The Taliban are back in power in Afghanistan two decades after the US-led coalition withdrew its troops. Once a Pakistani-backed extremist group, it has risen to power with unprecedented speed, promising “many changes”. It brings with it a host of other promises, such as respecting women, arranging for their education, general amnesty for members of the army and police of the previous government, and taking a stand against drugs. But within a few months, the Taliban turned the tables on Pasha. With the passage of time, their old appearance is coming out. The issue of a new polarization of the Taliban’s relations with the international community has come up for discussion, but it is becoming a source of concern for them to back away from their promises. Adding to the old brutality is the country’s weak economy.
Afghanistan’s crumbling economy is now a cause for concern. That, too, could be dealt with slowly. But the country, which is prone to hunger and poverty, is now a headache because of its global drug trade. The Taliban have sought to legitimize opium poppy cultivation, with some international aid agencies withdrawing from the country and reneging on their promises to revive the economy. Where the whole world is fighting against drugs, the Taliban’s attempt to go the wrong way is a mistake. The history of the Taliban benefiting from this drug trade is not new. Even when they were in power twenty years ago, they also collected taxes from the drug trade in various sectors. And they have been collecting war supplies for so long by relying on that money. Leaving the battlefield and sitting on the throne of power now with a fragile economy, they are once again following the old path of the ‘profitable’ drug trade. However, after taking control of Kabul, the Taliban promised to stop opium cultivation.
Haji Abdul Haq Akhand Hamkar, the Taliban’s deputy interior minister, said efforts were being made to legalize opium poppy cultivation. And that would benefit the Afghan people. One thing is clear, he said, the Taliban no longer have a problem with the drug menace around the world, let alone worry about earning a living. The country’s drug trade network is so vast and powerful that the fight against it in the international arena could be more difficult and long-lasting than the fight against militancy. How extensive is the Afghan drug trade? Poppy is mainly cultivated in the country. The extract of this poppy fruit is made from opium, a terrible drug like heroin. According to the United Nations Office on Drugs and Crime (UNDOC), Afghanistan produces 80 percent of the world’s opium.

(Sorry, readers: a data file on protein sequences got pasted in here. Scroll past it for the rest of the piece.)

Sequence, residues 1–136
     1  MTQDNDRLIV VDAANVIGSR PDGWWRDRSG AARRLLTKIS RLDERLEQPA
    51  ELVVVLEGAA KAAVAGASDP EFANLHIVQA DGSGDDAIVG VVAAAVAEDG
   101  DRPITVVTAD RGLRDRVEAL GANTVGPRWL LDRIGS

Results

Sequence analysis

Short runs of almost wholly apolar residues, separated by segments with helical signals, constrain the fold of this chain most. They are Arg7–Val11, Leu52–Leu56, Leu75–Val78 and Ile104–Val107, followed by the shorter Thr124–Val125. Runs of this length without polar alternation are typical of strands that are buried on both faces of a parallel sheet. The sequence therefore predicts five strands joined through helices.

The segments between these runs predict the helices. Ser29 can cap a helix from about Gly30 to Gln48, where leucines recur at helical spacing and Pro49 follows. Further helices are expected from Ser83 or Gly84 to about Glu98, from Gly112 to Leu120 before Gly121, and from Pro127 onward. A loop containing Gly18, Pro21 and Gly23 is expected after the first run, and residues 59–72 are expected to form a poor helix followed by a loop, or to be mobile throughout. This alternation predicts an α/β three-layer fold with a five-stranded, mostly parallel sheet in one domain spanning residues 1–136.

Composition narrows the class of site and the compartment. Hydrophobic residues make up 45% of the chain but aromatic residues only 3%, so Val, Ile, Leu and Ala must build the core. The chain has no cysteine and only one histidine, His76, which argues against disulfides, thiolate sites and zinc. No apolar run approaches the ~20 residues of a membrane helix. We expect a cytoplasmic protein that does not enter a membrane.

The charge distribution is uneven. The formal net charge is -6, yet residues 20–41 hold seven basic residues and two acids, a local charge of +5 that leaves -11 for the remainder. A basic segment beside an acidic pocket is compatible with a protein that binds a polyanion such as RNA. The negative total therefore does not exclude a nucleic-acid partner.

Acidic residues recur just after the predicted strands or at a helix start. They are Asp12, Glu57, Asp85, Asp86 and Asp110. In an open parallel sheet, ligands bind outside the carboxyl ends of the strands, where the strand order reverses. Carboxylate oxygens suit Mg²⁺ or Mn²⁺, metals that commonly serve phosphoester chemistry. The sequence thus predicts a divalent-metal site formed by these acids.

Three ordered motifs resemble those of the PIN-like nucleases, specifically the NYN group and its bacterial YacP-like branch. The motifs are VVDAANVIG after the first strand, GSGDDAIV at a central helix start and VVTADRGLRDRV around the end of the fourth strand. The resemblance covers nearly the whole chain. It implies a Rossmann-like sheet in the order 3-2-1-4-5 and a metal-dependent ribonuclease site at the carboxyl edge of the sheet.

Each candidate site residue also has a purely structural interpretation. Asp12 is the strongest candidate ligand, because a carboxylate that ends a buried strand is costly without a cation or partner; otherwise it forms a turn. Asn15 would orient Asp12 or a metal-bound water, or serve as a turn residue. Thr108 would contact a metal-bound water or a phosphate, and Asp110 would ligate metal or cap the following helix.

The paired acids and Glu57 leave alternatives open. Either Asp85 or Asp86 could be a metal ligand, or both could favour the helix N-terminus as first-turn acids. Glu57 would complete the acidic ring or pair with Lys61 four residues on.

According to data provided by UNDOC in 2016, the share of drug trafficking in the Afghan economy is 11 percent. According to the BBC, 95 per cent of the heroin that goes to Europe comes from opium in Afghanistan. However, only one percent of Afghanistan’s heroin goes to the United States. This is information from the US Drug Enforcement Agency. Despite the strict religious discipline, the Taliban are regularly involved in drug trafficking. Of money
Therefore, they have also increased poppy cultivation. According to the US State Department, poppy cultivation in the country increased from 41,000 hectares to 64,000 hectares between 1994 and 2000 during the Taliban regime.
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Significantly, 39 percent of the illicit opium was produced in the Taliban-controlled province of Helmand. When the Taliban banned poppy cultivation in areas under their control in 2000, drug seizures decreased over the next two years. But since then the picture has been changing again. Although poppy cultivation was controlled under the newly ousted government, it continued to operate in Taliban-controlled areas. In 2020, the Taliban will be under control
Poppy has been cultivated in most of the agricultural lands of Helmand province. According to the US State Department, the Taliban collect taxes from the drug trade in a number of ways.
First, from poppy cultivation. There are allegations that the Taliban collects 10 percent tax from poppy farmers. Taxes are also levied on opium, heroin production laboratories and drug trafficking. The Taliban’s stake in the illicit drug trade is estimated at 400 million. General John, commander of the US Special Inspector General for Afghan Reconstruction (SIGAR)
According to Nicholson, 80 percent of the Taliban’s annual income comes from the drug trade. Needless to say, the Taliban will not shy away from such lucrative and lucrative deals, even when the country’s economy is fragile.
The amount of money the Taliban have made from this business will not allow them to return. Moreover, even the poor farmers cannot survive without opium. The Taliban must not be complacent about the huge stockpile of drugs produced. Since they want to legalize poppy cultivation, they have to reach out to the global illicit drug market, whether for profit or for the country’s economy. The danger is there. The spread of drugs around the world under the auspices of the Taliban will undoubtedly become a risk factor.
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